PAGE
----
X-ray (Fig. 4) revealed diffuse osteopenia with patchy sclerosis and degenerative changes with lami-nectomy defects. Contrast MRI (Fig. 5, 6, 7) showed patchy areas of marrow signal abnormality L1, L2, L4, and L5 vertebra and adjoining endplates of L5, S1, and S2 segments. Ring enhancing lesions at L2, L3 levels. Enhancing hyperintense signals in posterior paraspinal muscles at L1-L2. Tiny enhancing lesions on the right ilium. PET scan (Fig. 8, 9, 10) shows lytic areas over L2 to L5 vertebrae and sacral ala and ilium possibility of infective etiology more likely atypical Kochs/brucella/Fungal or any unusual bacterial infection. A progressively increasing in ESR and CRP directed toward an infective etiology. Tests for brucellosis were negative . The patient underwent repeat surgery in the form of revision decompression. Intraoperatively, there was a thick and hard epidural tissue engulfing the cord and the nerve roots. This unhealthy granulation tissue was carefully removed and sent for analysis. Histopathology (Fig. 11, 12) revealed clumps of basophilic filamentous bacteria in a vaguely rosette-like configuration surrounded by acute inflam-matory cells, characteristic of actinomycosis.
The patient was started on intravenous penicillin G for 4 weeks and followed by oral penicillin for 2 weeks. Wound completely healed by primary intention by 2 weeks. The patient ambulated unassisted with back VAS of 2. Leg VAS reduced to 1.
After 6 weeks, ODI was 16, X Rays (Fig. 13) showed reduced osteopenia, and MRI showed a signifi-cant reduction in marrow signal abnormalities in lumbar and sacral areas (Fig. 14, 15, 16).
At 6 months, we reviewed the patient again. He had complaints of back pain, but the examination did not reveal any positive findings.
At 12 months, the patient was asymptomatic.
Actinomycosis, once considered fatal infectious disease, is quite challenging to diagnose actinomycosis as it is known for mimicking other diseases like malignancies [8, 9, 10, 11]. Actinomycosis is a chronic suppurative infection caused by actinomyces species which are facultative anaerobic, Gram-positive, and acid negative bacilli. These species mainly reside in the oropharyngeal cavity. It is char-acterized by abscess formation, tissue fibrosis, and draining sinuses that discharge sulfur granules. Most common type is Actinomyces israelii [12, 13]. Most classical presentation is cervicofacial form followed by thoracic, abdominopelvic, and cerebral localizations. Actinomycosis organisms are not virulent. They require a break in the integrity in mucous membranes and presence of devitalized tissues to invade deeper body structures. Once infection sets in, the host mounts an intense inflammatory response followed by fibrosis. Infection spreads con-tiguously invading surrounding tissues and organs, leading to draining sinus tracts. Vertebral actino-mycosis can be due to hematogenous spread . Due to the slow progress of the disease, new bone formation as well as bone destruction can be visualized. As the disease progresses, initial erosions be-come deeper and causing destruction of cancellous bone causing multiple intercommunicating cystic spaces. These cystic spaces give a mottled or lattice appearance on imaging. One or several adjacent vertebrae may be affected with paraspinal and subcutaneous abscesses. Complications due to vertebral actinomycosis can be meningitis, epidural abscess, and spinal cord compression. Sulfur granules from discharging sinus and histopathology are diagnostic for actinomycosis . Penicillin therapy is the mainstay treatment for actinomycosis . Newer drugs such as ceftriaxone, ceftizoxime, imipenem, and ciprofloxacin are considered successful in treatment of actinomycosis.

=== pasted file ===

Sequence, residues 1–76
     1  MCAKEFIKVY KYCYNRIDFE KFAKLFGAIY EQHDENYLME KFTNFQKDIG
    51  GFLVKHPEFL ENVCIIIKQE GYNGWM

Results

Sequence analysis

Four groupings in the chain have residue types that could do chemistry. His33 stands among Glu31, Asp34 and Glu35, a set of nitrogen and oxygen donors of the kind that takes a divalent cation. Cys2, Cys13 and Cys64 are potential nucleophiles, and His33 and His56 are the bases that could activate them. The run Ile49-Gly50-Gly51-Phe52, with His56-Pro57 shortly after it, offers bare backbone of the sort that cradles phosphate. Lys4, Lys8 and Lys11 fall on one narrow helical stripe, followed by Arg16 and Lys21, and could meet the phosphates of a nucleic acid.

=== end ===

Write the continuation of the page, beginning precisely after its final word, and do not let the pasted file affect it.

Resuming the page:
Spinal infections are often taken as Pott’s spine, and empirically started on ATT. Actinomycotic infec-tions of the spine are rare cause of spinal infections but should be kept in mind once the tubercular in-fection is ruled out. The definitive diagnosis of actinomycosis can be made by finding actinomycetes in the pus from affected tissue.
Actinomycotic spinal infection can mimic tuberculosis. High clinical suspicion and tissue diagnosis are essential in the complete and appropriate treatment of infective spondylodiscitis.
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|Dr. Shailesh Hadgaonkar||Dr. Pradhyumn Rathi||Dr. Vivek Vincent||Dr. Ashok Shyam||Dr. Parag Sancheti|
|How to Cite This Article: Hadgaonkar S, Rathi P, Vincent V, Shyam A, Sancheti P. Actinomycotic Infection of Spine –A Rare Disease with Diagnostic Challenge, an Update on Spinal Infection. Journal of Orthopaedic Case Reports 2021 January;11(1): 72-78.|